In fact, one could argue the Dalit middle classes and political elites work more as class groups than reflect their caste consciousness. One can make sense of this class formation through what Ambedkar refers to as “graded inequalities”. It is an attempt to preserve one’s privileges while struggling to undo the undue privileges of dominant groups above one’s caste location. Institutional norms and independent procedures do next to nothing in altering these equations. One needs to ask how the study of institutions will help us understand the political dynamics when they merely reflect the reality outside the institutional framework.

In fact, the situation is so grim that Prakash Ambedkar (Ambedkar’s grandson) argued a few years back for the scrapping of political reservation for the SCs and STs as it served no purpose. Such leaders serve their political parties rather than their social constituencies. Not that scrapping it is going to be helpful in any meaningful way. It only manifests the deep limitations in understanding representation bereft of the larger social dynamics. The symptom can be located but its cause is fairly dispersed and requires an analysis of a complex interplay of factors.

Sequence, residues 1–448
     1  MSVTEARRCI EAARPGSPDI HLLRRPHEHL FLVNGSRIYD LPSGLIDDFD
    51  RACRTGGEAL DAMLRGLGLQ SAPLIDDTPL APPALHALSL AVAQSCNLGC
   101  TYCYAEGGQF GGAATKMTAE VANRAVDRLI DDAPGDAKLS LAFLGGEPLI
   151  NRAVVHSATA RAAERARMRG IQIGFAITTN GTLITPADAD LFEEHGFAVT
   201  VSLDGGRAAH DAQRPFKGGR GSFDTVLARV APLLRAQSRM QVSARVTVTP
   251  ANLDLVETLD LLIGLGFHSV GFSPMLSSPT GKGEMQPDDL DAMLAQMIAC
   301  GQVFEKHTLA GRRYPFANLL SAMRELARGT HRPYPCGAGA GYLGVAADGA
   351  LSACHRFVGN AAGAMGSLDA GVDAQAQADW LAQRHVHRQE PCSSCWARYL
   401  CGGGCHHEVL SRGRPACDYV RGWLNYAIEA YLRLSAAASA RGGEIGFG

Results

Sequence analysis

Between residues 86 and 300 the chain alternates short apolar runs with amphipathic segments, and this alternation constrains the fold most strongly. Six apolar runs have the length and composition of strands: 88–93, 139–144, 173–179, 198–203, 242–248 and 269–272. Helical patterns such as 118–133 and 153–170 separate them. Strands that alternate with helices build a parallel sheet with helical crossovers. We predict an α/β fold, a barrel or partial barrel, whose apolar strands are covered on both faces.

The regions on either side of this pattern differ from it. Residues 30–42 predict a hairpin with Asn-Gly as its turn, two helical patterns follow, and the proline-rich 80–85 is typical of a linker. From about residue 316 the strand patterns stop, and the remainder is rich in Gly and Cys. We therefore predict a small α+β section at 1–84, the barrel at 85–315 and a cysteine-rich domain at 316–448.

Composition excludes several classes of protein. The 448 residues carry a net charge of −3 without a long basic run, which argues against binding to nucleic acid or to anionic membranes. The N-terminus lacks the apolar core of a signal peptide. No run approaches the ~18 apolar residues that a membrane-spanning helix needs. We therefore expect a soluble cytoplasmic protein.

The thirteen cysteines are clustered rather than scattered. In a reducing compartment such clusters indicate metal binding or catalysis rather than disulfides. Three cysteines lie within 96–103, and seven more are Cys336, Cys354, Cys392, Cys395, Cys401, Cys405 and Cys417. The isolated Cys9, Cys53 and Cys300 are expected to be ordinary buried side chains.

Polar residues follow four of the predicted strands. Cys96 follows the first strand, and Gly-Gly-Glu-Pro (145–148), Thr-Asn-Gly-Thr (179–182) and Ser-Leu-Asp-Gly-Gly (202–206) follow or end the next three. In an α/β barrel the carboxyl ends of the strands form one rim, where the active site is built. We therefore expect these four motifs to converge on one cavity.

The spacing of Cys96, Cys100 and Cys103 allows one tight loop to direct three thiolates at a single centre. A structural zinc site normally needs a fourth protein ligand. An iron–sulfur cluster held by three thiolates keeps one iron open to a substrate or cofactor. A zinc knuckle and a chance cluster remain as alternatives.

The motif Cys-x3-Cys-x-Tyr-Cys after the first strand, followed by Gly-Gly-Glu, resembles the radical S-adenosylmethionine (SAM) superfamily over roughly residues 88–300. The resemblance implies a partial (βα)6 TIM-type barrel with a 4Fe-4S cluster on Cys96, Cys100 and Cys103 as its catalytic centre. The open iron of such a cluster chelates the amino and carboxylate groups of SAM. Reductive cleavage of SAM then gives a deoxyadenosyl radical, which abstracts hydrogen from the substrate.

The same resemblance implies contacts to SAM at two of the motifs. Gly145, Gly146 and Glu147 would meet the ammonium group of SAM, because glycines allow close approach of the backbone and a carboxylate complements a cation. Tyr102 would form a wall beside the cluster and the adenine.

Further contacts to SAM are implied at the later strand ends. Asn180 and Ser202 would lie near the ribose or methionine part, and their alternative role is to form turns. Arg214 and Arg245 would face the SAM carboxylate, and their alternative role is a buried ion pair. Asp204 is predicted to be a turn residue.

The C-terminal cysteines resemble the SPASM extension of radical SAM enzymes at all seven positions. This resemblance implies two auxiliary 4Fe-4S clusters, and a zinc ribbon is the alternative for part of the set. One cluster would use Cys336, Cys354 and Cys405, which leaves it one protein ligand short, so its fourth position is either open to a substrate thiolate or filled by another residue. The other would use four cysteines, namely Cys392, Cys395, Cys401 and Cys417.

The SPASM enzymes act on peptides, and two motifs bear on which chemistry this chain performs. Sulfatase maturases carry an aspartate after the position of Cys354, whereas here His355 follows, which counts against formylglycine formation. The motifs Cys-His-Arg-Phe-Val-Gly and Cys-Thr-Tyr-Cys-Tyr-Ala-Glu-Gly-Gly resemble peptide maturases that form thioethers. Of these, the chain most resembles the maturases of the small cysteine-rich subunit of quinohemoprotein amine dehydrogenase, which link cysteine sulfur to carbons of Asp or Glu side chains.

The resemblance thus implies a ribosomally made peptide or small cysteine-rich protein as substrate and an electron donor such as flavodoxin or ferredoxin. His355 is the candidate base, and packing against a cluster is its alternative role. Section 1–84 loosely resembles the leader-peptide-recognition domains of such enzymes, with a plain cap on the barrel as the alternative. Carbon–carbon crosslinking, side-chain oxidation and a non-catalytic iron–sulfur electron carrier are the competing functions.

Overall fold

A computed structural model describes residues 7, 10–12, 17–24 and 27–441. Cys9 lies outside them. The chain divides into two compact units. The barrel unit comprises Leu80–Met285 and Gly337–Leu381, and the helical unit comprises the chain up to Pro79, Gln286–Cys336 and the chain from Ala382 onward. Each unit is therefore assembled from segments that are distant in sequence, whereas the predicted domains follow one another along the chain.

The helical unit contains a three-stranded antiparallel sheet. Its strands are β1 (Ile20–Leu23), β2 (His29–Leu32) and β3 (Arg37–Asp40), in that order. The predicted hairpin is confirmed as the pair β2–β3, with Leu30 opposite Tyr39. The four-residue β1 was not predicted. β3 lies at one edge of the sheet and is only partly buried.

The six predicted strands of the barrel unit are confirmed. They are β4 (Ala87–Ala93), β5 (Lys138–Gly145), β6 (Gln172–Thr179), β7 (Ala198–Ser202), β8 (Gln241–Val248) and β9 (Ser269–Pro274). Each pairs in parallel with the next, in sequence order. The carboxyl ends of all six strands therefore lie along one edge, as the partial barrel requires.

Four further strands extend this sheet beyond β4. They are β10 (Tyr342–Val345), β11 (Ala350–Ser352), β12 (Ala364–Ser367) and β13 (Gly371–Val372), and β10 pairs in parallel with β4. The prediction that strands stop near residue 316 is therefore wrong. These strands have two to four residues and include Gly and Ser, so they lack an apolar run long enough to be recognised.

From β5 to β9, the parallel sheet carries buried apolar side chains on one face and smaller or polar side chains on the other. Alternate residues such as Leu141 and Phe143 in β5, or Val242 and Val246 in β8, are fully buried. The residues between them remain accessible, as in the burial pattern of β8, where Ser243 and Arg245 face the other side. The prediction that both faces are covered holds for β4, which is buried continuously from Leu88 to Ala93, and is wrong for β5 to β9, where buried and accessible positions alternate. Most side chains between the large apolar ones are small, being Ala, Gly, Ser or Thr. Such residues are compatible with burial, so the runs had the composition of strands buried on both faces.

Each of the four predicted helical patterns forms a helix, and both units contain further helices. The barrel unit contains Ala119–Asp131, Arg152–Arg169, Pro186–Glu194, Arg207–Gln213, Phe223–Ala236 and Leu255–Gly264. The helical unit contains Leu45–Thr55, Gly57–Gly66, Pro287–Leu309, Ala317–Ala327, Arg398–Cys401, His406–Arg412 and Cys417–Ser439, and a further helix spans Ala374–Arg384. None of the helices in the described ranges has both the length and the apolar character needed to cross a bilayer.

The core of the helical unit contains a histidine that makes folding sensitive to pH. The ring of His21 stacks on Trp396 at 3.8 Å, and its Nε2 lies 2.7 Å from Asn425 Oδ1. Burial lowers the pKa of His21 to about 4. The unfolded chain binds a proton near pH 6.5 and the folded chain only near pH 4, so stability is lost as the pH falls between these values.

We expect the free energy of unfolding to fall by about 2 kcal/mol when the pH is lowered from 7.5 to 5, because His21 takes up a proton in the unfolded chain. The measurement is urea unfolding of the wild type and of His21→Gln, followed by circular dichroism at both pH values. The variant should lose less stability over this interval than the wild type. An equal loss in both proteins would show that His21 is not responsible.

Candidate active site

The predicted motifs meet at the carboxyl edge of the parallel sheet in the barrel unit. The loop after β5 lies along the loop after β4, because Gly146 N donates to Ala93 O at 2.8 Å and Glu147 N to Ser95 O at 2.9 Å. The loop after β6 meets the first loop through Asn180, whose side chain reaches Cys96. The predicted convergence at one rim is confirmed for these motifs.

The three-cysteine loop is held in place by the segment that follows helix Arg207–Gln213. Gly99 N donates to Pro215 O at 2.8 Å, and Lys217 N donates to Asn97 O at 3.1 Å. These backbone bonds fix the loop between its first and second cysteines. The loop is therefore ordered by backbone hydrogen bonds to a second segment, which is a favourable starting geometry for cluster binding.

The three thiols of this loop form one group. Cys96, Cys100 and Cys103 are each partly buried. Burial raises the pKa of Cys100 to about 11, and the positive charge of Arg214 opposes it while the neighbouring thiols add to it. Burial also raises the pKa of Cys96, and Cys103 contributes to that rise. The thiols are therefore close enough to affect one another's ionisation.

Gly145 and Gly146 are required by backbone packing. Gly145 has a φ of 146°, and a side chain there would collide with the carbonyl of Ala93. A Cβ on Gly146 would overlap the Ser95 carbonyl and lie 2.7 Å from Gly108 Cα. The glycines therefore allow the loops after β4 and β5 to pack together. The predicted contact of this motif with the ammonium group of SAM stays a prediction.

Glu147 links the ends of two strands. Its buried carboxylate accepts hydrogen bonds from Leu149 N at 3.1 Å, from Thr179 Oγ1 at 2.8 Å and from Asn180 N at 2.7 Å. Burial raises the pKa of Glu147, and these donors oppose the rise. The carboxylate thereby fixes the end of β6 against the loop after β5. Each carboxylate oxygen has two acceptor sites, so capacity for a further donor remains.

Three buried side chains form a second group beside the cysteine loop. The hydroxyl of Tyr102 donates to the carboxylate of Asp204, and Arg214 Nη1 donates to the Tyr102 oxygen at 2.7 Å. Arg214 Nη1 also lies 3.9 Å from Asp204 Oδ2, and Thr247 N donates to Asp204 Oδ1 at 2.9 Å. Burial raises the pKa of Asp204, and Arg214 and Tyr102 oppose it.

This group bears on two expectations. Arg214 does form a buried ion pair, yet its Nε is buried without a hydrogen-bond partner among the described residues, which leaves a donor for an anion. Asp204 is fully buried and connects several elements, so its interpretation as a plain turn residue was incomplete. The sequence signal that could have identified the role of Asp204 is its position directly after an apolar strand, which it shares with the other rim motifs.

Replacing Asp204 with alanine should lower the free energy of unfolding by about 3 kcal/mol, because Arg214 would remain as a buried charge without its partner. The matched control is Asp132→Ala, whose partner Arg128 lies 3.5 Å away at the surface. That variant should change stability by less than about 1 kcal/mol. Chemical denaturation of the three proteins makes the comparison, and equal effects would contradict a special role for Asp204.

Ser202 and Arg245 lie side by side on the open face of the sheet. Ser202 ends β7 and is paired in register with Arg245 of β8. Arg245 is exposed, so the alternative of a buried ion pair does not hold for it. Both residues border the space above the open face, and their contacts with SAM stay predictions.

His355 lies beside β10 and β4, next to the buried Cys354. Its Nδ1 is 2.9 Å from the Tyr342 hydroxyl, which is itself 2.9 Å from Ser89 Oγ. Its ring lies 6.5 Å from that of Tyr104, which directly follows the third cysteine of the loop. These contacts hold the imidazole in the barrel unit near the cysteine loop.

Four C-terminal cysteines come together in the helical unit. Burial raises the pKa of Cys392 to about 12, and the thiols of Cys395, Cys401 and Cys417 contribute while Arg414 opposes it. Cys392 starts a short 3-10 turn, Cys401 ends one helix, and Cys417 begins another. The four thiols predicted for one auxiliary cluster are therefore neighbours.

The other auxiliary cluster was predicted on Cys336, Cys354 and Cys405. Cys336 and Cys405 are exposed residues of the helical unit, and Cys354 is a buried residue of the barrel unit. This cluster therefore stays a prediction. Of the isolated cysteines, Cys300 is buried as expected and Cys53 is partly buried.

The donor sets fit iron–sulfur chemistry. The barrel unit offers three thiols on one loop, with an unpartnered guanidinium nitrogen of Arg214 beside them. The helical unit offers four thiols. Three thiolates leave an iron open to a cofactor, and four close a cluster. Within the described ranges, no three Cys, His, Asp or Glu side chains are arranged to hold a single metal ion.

Disruptions in Parliament

In another chapter Sen notes the increase in disruptions in Parliament after the 1990s. He ascribes this to the changing social (caste and class) composition, the role of regional parties, and the live telecast of the proceedings. Disruptions sometimes work effectively to achieve desired outcomes. The protests for the formation of the separate State of Telangana are a case in point. However, disruptions could also be mala fide to hide or block a debate.